Consequently, the Global Fund is ‘front-loading’ commodities planned for 2016/17 to 2015 to address medicine shortages” (…)”Twelve per cent out of the 50 facilities visited were performing HIV tests with expired test kits and, contrary to national guidelines, 14% of facilities visited did not perform confirmatory tests on clients diagnosed as HIV positive. This raises the risk of clients getting false HIV results” (…)”The Secretariat, in collaboration with the Ministry of Health, has introduced data quality assessments. Vacant positions are to be filled to address the data related issues. However, funding for tools, training and supervision remains a challenge” (…)”There was also weak management of advances with some remaining outstanding for over 20 months. Value added taxes amounting to USD 0.3 million had also not been refunded to the programs. The audit identified expenses for which there was not adequate supporting documentation, amounting to USD 3.9 million” (…)”While the country lacks adequate funding to cover key activities, it has a low absorption of the limited grant funds that are sent to the country. The OIG noted that only 46% of funds disbursed to the Ministry of Finance between January 2013 and June 2015 had been spent at the time of the audit” (P: 7, 2016).

NMS Amuria

Pervasive stock-outs:

“70% of the health facilities reported stock-outs of anti-retroviral medicines and HIV test kits of between three weeks and four months” (…)”68% of facilities reported stock outs of anti-malaria medicines and test kits in the previous six-month period” (…)”64% of the facilities reported stock-outs of TB medicines of between one week and three months” (P: 9, 2016).

Use of medicines to treat other diseases: The audit noted that 32% of the 50 facilities visited treated 1,254 Hepatitis B patients with anti-retroviral medicines. The quantification of anti-retroviral medicines does not take into consideration their use for the treatment for Hepatitis B patients. This has contributed to stock-outs of anti-retroviral medicines for HIV patients who are the primary target of these medicines” (P: 9, 2016).

Gaps in HIV counselling and testing practices:

“Twelve per cent out of the 50 facilities visited were performing HIV tests with expired test kits” (…)”Contrary to national guidelines, 14% of the facilities visited did not perform confirmatory tests on clients diagnosed as HIV positive” (P: 11, 2016).

Inadequate and ineffective condom procurement and distribution processes:

“Condoms that should have been received in country in 2011 were only received in late 2013 due to a protracted procurement processes” (…)”Contrary to the grant agreement, 16.5 million condoms that should have been distributed to users for free were provided to Marie Stopes Uganda, a contractor, by the Ministry of Health and sold through a social marketing mechanism” (P: 12, 2016).

Abim Hospital 2014 P3

Subsidized anti-malarial medicines not accessible and affordable:

“Consequently, medicines are sold above the recommended price that is UGX 5,000 and not UGX 3,500” (…)”there is no instituted mechanism to ensure that the subsidized medicines are distributed outside the big cities to malaria endemic areas” (P: 12, 2016). “Key positions budgeted for under the Global Fund grants also remained vacant: for example, 17 out of the 43 pharmacists and HIV, TB and malaria focal points for the regional performance monitoring teams were not at post during the audit” (P: 13, 2016).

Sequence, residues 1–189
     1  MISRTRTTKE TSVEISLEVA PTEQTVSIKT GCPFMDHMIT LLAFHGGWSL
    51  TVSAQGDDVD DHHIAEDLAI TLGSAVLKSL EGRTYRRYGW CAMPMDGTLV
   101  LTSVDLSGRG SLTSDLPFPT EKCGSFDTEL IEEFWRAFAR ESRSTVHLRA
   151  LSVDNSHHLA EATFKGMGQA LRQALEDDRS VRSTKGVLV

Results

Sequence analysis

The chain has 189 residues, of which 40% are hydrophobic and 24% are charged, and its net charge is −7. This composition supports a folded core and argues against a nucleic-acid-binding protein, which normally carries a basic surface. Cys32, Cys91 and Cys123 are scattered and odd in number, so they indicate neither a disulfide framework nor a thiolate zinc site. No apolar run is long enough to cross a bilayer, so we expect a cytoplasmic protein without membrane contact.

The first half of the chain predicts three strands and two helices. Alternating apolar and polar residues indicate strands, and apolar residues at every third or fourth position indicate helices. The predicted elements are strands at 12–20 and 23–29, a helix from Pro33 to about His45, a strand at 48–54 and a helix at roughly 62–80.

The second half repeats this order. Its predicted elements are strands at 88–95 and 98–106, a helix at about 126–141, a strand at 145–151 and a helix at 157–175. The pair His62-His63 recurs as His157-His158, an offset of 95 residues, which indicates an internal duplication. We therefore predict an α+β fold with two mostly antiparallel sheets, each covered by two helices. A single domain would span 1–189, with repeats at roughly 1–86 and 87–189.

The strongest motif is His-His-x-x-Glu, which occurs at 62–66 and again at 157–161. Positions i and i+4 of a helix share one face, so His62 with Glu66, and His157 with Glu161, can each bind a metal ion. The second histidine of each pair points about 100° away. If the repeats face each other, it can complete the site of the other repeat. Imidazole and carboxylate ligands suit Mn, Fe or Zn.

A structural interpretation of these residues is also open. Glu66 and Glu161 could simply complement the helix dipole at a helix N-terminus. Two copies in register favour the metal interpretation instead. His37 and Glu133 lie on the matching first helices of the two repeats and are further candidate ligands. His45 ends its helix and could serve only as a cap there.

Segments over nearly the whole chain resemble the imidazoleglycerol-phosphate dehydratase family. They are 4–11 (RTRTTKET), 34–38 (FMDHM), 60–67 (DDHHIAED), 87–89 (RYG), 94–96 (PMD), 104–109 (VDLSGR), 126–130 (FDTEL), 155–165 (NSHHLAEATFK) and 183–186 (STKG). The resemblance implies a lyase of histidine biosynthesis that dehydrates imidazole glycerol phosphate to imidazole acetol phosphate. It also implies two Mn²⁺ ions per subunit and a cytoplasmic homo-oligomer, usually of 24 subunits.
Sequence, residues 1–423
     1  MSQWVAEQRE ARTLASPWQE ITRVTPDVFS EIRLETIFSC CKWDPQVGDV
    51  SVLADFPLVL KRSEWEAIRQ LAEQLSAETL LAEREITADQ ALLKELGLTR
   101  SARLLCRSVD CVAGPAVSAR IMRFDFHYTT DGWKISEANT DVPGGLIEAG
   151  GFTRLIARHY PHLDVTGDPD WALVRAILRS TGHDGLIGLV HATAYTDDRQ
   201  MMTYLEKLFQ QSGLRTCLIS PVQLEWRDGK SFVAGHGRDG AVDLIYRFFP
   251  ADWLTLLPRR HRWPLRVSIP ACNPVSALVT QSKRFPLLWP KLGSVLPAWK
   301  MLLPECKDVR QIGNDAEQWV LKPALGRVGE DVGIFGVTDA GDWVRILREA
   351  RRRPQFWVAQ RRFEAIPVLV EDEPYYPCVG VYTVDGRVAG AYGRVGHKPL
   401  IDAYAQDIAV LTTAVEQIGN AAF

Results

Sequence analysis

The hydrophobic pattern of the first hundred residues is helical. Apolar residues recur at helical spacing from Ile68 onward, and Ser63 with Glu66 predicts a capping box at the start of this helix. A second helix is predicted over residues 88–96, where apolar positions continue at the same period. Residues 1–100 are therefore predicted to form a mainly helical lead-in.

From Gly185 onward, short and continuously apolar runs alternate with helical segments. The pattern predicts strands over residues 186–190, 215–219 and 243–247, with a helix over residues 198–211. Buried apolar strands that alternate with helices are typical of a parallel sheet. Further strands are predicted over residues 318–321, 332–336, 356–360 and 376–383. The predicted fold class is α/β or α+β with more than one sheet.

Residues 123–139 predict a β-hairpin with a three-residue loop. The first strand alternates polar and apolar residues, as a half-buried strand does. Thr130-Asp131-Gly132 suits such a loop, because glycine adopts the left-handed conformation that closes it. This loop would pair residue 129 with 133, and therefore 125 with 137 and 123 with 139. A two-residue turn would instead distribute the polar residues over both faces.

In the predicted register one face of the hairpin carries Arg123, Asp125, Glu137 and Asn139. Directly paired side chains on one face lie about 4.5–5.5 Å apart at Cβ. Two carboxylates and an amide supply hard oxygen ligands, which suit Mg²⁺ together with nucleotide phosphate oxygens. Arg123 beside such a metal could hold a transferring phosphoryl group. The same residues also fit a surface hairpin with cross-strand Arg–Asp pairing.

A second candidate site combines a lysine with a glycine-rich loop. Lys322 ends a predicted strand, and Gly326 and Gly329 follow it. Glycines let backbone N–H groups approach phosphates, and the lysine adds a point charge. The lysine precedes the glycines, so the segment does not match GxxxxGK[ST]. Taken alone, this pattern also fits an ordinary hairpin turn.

Difference between what they have funded to get and what they had at NMS:

Between Global Fund commodities issued by national Medical Stores and received by health facilities: The National Medical Stores inventory system indicated that 3.7 million test kits had been issued to a facility, but the facility recorded a receipt of only 3,000 kits. While the National Medical Stores indicated that the variance amounting to USD 2.41 million may be due to errors in the inventory management system, this could not be verified by the OIG auditors. The variance also affects the closing quantities based on the inventory management system and actual stock at the national medical stores” (P: 14, 2016).

“In-country quality assurance of medicines: The National Drug Authority charges 2% (amounting to USD 3.8 million from January 2013 to June 2015)39 of the “free on board” value of medicines and pharmaceutical products for in-country quality assurance. While bed nets and condoms had been tested, there was no evidence that medicines (including anti-malaria and anti-retroviral) supplied by the Global Fund were tested by the Authority” (P: 15, 2016).

Questionable value for money: Charges of USD 3.8 million (from January 2013 to June 2015) by the National Drug Authority for testing of medicines, for which there is no evidence that testing actually happened” (…)”Cancellation of an order for the purchase of HIV test kits under the Pooled Procurement Mechanism which has resulted in a loss of USD 427,500. The manufacturer has indicated that the commodities have already been manufactured and cannot be supplied to any other country due to level of customization requested by the Ministry of Health” (…)”Payments amounting to USD 254,921 related to value added taxes that has not been refunded by government” (…)”The implementers incurred ineligible payments amounting to USD 93,400. These related to payments for activities not included in the approved grant budget, or excess payments to service providers” (P: 19, 2016).